Ancient Egyptian medicine

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File:Edwin Smith Papyrus v2.jpg
The Edwin Smith papyrus documents ancient Egyptian medicine (perhaps as old as 2,600 BCE), including the diagnosis and treatment of injuries.

Ancient Egyptian Medicine refers to the practices of healing common in Ancient Egypt from circa 3300 BC until the Persian invasion of 525 BC. This medicine was highly advanced for the time, and included simple, non-invasive surgery, setting of bones and an extensive set of pharmacopoeia and magical spells. While ancient Egyptian remedies are often characterized in modern culture by magical incantations and dubious ingredients, research in Biomedical Egyptology shows they were often effective and sixty-seven percent of the known formulae complied with the 1973 British Pharmaceutical Codex, aside from sterilization.[1] Medical texts specified specific steps of examination, diagnosis, prognosis and treatments that were often rational and appropriate.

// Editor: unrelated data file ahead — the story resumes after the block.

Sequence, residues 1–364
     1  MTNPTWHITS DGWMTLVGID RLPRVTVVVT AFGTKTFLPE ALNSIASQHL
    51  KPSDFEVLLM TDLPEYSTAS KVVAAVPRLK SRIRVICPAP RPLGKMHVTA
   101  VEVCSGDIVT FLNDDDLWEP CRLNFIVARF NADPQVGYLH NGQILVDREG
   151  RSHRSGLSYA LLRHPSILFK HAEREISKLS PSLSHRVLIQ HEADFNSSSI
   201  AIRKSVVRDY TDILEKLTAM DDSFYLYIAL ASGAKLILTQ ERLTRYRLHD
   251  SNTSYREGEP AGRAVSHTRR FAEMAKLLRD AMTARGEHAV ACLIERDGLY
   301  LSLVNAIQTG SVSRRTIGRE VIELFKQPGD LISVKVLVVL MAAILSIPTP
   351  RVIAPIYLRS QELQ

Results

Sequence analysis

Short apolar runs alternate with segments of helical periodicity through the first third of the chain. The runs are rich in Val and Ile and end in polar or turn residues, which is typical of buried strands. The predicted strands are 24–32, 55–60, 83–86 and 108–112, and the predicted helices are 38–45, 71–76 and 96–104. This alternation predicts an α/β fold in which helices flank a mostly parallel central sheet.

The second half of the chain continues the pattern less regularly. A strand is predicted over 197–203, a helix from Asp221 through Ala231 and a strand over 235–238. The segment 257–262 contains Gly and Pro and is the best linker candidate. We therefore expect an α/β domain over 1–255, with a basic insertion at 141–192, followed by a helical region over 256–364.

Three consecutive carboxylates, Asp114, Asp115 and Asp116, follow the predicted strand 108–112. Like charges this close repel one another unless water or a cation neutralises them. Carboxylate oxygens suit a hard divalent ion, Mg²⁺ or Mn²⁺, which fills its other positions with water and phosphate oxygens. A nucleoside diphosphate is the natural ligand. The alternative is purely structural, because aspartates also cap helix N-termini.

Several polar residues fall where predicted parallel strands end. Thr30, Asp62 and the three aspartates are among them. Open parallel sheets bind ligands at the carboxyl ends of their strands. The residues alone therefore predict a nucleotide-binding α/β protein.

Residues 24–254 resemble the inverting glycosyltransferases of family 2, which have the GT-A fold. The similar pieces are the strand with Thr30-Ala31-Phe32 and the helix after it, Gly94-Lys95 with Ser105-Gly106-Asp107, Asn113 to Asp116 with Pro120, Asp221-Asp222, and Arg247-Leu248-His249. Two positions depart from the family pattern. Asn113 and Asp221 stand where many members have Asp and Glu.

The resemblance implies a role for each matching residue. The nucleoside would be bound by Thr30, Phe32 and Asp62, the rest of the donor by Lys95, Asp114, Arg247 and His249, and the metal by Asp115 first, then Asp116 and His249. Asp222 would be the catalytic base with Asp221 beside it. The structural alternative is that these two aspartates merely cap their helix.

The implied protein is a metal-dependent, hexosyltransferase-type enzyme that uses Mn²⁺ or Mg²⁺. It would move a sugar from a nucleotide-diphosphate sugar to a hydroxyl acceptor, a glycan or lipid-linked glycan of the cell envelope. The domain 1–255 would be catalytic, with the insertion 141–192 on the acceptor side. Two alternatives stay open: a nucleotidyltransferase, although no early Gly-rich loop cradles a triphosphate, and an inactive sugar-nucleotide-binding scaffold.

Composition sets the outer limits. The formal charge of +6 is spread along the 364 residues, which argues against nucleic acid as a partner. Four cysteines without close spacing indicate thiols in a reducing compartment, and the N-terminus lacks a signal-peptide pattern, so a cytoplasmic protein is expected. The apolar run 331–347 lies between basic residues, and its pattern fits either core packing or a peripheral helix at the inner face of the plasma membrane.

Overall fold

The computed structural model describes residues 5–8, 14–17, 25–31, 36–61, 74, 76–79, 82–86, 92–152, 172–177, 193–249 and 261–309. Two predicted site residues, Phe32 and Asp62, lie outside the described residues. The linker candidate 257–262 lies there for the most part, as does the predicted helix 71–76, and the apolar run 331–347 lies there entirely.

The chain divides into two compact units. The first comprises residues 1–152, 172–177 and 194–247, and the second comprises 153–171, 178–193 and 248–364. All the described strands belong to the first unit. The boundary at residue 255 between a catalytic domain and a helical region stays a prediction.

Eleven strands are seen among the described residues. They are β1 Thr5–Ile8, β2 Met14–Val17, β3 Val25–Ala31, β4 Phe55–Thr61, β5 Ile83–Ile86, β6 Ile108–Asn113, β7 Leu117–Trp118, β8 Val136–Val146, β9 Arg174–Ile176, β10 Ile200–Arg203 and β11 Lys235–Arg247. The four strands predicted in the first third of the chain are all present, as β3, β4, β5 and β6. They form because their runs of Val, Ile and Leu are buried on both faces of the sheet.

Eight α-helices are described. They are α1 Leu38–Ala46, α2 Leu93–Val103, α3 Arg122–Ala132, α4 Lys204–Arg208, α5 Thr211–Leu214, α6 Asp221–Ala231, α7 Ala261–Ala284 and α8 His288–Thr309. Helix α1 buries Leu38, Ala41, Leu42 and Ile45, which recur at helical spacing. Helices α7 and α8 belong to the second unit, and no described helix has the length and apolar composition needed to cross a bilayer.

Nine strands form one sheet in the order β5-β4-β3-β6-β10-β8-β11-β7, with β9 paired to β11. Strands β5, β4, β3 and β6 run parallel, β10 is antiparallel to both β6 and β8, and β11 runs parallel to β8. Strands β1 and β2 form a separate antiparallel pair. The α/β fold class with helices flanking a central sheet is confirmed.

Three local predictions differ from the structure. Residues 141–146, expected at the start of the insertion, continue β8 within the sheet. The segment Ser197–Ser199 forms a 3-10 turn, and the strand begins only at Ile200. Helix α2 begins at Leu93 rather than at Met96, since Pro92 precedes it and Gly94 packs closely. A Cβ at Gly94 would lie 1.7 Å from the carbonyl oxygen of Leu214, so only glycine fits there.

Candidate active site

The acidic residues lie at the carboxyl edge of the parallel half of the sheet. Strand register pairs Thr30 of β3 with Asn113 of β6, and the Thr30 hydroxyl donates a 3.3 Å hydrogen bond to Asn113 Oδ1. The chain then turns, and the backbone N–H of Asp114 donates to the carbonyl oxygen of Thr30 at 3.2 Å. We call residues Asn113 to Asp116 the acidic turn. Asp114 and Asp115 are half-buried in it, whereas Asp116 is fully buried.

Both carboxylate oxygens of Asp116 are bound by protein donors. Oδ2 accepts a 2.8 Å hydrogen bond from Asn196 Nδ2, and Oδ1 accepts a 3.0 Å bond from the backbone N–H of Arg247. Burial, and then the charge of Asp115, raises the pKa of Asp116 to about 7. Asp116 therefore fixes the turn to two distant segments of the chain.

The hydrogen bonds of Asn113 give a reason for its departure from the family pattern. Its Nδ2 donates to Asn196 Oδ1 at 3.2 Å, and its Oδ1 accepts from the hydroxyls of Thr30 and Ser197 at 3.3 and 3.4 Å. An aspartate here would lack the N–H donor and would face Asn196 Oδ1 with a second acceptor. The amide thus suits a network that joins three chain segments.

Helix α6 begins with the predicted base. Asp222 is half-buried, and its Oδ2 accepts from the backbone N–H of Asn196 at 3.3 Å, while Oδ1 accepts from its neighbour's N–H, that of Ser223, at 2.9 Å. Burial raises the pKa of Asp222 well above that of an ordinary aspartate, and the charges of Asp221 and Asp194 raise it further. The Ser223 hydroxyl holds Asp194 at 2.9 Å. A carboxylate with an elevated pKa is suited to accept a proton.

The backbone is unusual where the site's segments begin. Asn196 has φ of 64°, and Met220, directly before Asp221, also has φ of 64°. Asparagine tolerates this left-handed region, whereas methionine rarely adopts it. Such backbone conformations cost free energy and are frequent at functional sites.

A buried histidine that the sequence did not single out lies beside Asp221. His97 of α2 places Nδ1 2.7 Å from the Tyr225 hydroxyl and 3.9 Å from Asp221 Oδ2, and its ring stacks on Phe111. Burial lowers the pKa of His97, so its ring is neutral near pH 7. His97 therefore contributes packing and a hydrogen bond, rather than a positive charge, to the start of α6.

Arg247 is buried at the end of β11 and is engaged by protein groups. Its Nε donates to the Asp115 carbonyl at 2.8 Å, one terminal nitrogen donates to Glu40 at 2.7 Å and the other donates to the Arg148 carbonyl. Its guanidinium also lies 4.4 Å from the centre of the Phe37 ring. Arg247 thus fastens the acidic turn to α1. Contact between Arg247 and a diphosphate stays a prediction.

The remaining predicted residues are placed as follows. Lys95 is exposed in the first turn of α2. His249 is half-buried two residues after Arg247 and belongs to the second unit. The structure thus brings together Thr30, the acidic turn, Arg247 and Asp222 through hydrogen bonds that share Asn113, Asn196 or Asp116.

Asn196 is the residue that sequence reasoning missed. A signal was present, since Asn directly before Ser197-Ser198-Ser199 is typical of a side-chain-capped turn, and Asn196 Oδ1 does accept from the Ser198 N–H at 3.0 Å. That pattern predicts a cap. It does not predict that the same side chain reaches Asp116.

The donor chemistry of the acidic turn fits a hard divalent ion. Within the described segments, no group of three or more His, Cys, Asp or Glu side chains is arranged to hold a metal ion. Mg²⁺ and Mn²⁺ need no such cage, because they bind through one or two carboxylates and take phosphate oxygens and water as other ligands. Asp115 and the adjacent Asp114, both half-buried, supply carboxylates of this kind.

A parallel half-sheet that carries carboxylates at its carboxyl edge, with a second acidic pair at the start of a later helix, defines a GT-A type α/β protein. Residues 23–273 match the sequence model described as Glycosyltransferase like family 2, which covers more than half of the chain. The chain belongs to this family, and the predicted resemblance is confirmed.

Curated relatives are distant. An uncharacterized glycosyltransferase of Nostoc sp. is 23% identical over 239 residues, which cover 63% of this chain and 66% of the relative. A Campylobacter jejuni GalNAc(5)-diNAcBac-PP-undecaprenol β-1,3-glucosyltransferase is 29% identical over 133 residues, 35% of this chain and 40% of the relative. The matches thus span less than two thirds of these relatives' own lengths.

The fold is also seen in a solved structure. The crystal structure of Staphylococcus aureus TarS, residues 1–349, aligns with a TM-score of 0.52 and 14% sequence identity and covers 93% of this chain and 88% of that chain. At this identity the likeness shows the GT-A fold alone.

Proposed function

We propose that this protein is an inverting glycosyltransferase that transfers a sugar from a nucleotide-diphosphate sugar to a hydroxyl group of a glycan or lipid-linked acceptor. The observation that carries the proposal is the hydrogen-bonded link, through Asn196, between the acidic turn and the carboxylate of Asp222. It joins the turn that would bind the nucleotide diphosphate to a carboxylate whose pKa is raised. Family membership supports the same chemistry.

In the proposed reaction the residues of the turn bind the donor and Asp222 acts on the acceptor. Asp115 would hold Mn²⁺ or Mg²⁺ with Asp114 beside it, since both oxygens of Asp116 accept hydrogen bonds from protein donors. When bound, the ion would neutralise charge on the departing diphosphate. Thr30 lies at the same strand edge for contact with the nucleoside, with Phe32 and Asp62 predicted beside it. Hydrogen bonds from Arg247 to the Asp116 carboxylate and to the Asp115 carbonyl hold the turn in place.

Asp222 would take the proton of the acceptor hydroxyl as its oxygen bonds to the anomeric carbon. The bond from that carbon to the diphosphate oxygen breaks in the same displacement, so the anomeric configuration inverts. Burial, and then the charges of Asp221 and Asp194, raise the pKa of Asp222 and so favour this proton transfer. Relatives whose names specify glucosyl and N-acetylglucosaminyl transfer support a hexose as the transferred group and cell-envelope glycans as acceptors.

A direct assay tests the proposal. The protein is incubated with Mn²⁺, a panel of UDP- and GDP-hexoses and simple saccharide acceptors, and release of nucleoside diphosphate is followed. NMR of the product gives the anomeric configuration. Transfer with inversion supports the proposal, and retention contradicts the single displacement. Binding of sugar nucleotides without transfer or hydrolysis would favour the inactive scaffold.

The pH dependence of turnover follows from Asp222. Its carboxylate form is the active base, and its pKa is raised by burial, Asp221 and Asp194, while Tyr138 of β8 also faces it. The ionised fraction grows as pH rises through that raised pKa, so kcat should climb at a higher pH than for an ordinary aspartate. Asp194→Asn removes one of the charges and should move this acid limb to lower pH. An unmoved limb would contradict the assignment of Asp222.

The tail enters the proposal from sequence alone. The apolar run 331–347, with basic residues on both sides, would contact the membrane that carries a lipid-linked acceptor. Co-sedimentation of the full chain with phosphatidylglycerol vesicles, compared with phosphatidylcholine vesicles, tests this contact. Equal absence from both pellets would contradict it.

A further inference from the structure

Sources of information

File:Ebers7766.jpg
Ebers Papyrus treatment for cancer: recounting a "tumor against the god Xenus", it recommends "do thou nothing there against"

Until the 19th century, the main sources of information about ancient Egyptian medicine were writings from later in antiquity. Homer c. 800 BC remarked in the Odyssey: "In Egypt, the men are more skilled in medicine than any of human kind" and "the Egyptians were skilled in medicine more than any other art".[1] The Greek historian Herodotus visited Egypt around 440 BC and wrote extensively of his observations of their medicinal practices. Pliny the Elder also wrote favorably of them in historical review. Hippocrates (the "father of medicine"), Herophilos, Erasistratus and later Galen studied at the temple of Amenhotep, and acknowledged the contribution of ancient Egyptian medicine to Greek medicine.